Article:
This excerpt is from a Peter Baker piece in the New York Times, September 13, reporting a conversation between Obama and various foreign policy experts. Obama expands on his administration’s role in the Syrian war and issues a threat against Assad:
* * *
If his thinking has evolved, Mr. Obama admitted no errors along the way. While some critics, and even his former secretary of state, Hillary Rodham Clinton, have faulted him for not arming moderate Syrian rebels years ago, Mr. Obama does not accept the premise that doing so would have forestalled the rise of ISIS.
“I have thought that through and tried to apply 20-20 hindsight,” he told some of his guests, as one recalled. “I’m perfectly willing to admit they were right, but even if they were right, I still can’t see how that would have changed the situation.”
He defended his decision to wait to approve airstrikes until last month in Iraq and last week in Syria, saying he wanted first to force Iraq to replace its government with a more inclusive coalition that could draw disaffected Sunnis away from supporting ISIS and take on the task of combating it.
But while Mr. Obama sees bolstering the new Iraqi government as his path to ultimate success on that side of the border, he struck his guests as less certain about the endgame on the Syrian side, where he has called for Mr. Assad to step down and must now rely on the same moderate Syrian rebels he refused to arm in the past.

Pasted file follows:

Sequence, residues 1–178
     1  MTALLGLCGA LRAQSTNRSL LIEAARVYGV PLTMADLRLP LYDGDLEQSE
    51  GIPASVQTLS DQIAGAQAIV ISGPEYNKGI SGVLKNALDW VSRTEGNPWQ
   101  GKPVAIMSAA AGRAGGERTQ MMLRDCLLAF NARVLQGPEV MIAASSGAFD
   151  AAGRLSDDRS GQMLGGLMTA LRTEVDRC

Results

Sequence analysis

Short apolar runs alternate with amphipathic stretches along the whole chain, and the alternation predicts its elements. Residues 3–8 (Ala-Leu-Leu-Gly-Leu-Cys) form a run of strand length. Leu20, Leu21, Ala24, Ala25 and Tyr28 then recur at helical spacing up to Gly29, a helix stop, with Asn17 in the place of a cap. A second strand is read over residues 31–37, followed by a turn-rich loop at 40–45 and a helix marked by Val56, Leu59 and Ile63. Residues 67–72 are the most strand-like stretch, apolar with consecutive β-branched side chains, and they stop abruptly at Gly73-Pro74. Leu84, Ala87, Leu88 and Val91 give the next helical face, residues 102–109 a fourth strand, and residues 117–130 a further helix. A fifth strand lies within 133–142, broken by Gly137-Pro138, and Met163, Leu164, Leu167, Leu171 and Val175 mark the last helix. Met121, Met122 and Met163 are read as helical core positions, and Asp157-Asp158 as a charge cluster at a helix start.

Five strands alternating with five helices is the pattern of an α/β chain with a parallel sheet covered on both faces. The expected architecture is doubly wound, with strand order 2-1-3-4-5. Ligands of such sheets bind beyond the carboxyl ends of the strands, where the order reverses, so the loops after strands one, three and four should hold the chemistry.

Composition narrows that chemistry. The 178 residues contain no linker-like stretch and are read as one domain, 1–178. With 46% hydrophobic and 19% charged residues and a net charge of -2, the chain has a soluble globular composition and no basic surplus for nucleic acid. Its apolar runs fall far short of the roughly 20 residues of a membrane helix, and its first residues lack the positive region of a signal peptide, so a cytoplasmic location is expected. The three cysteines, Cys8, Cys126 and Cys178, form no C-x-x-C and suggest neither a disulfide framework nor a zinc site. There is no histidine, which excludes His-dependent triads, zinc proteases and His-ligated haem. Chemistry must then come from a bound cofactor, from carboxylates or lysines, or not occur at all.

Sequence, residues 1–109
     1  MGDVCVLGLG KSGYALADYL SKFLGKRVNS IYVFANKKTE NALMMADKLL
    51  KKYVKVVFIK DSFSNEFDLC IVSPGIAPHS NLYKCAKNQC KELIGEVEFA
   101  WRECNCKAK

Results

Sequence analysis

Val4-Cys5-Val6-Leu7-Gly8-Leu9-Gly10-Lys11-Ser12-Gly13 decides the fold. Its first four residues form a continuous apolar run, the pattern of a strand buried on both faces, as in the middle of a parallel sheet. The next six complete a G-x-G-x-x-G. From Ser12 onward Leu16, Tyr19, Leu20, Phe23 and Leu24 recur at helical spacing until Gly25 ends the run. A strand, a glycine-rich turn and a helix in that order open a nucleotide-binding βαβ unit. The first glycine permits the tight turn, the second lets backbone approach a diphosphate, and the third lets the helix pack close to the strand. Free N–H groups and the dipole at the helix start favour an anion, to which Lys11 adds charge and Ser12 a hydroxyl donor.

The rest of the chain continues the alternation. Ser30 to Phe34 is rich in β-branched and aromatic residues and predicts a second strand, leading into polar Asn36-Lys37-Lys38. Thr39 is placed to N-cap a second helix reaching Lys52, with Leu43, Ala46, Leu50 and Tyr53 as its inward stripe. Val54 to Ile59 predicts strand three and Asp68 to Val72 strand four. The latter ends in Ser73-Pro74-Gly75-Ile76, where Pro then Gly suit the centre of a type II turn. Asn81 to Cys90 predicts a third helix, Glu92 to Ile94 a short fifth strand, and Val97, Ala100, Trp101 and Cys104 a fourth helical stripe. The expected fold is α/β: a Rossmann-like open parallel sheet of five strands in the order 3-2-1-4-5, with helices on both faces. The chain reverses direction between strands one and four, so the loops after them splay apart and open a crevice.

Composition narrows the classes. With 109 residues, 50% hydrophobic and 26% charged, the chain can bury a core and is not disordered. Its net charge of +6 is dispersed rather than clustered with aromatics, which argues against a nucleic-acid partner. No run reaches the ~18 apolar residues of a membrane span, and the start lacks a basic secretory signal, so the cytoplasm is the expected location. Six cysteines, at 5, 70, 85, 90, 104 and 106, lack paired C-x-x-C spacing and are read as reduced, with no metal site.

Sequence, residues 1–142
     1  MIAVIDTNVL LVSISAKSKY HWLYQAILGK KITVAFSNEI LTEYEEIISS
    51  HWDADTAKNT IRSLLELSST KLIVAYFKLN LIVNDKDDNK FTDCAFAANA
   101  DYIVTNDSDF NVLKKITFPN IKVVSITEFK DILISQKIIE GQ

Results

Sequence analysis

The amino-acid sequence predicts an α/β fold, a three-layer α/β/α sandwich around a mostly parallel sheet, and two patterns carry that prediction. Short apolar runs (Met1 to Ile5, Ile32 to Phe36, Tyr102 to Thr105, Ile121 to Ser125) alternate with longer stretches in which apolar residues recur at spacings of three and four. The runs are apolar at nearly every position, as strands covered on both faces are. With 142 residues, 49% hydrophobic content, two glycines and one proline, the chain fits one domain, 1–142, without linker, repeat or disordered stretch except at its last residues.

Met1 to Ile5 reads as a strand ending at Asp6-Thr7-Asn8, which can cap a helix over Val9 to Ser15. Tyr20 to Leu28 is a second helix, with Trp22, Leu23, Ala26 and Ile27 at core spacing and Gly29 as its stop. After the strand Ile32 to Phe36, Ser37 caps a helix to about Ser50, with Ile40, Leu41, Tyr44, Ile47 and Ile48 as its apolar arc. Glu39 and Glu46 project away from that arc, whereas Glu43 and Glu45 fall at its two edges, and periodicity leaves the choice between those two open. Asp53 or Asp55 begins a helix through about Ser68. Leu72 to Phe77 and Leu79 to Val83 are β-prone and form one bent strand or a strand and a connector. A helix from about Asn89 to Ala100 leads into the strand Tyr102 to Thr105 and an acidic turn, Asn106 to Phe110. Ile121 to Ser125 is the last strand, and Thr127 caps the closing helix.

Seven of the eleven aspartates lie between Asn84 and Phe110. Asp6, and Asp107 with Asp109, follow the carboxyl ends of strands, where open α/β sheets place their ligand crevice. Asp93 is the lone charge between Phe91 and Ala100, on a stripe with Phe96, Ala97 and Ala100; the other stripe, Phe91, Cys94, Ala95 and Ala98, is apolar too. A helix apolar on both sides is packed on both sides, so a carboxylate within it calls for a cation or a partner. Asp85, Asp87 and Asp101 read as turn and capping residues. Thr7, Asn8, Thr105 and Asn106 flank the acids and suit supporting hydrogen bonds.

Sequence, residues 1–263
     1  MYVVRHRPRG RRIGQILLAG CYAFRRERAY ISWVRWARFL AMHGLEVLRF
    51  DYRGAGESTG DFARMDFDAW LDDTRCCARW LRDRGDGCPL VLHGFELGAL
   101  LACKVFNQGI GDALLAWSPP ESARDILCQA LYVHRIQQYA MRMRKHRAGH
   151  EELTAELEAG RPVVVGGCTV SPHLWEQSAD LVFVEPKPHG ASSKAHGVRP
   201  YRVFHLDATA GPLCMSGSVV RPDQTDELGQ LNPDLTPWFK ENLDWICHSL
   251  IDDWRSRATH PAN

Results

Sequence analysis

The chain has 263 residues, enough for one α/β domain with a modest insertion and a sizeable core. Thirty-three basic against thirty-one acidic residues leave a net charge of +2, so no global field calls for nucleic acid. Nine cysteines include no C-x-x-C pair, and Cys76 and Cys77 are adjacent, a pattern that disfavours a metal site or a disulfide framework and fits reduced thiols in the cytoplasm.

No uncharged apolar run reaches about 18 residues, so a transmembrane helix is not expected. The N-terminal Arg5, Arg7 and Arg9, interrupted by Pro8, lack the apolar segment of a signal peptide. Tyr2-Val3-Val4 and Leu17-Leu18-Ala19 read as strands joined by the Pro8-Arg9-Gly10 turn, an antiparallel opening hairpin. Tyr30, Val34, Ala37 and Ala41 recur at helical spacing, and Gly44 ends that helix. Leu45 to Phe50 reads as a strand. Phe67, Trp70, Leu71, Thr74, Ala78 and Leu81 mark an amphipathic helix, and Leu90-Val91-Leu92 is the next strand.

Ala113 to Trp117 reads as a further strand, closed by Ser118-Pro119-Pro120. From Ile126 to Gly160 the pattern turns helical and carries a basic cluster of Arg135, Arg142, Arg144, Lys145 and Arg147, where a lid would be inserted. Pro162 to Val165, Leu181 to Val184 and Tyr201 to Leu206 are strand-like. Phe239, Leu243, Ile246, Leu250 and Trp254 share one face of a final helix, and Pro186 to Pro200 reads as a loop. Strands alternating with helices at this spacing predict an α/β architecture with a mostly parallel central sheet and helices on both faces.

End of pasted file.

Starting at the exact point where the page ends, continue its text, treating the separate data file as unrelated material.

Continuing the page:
Mr. Obama acknowledged it would be a long campaign, one complicated by a dearth of intelligence about possible targets on the Syrian side of the border and one that may not be immediately satisfying. “This isn’t going to be fireworks over Baghdad,” he said.
Asked by one of the columnists what he would do if his strategy did not work and he had to escalate further, Mr. Obama rejected the premise. “I’m not going to anticipate failure at this point,” he said.
He made clear the intricacy of the situation, though, as he contemplated the possibility that Mr. Assad might order his forces to fire at American planes entering Syrian airspace. If he dared to do that, Mr. Obama said he would order American forces to wipe out Syria’s air defense system, which he noted would be easier than striking ISIS because its locations are better known. He went on to say that such an action by Mr. Assad would lead to his overthrow, according to one account.
* * *
Peter Baker, “Paths to War, Then and Now, Haunt Obama,” New York Times, September 13, 2014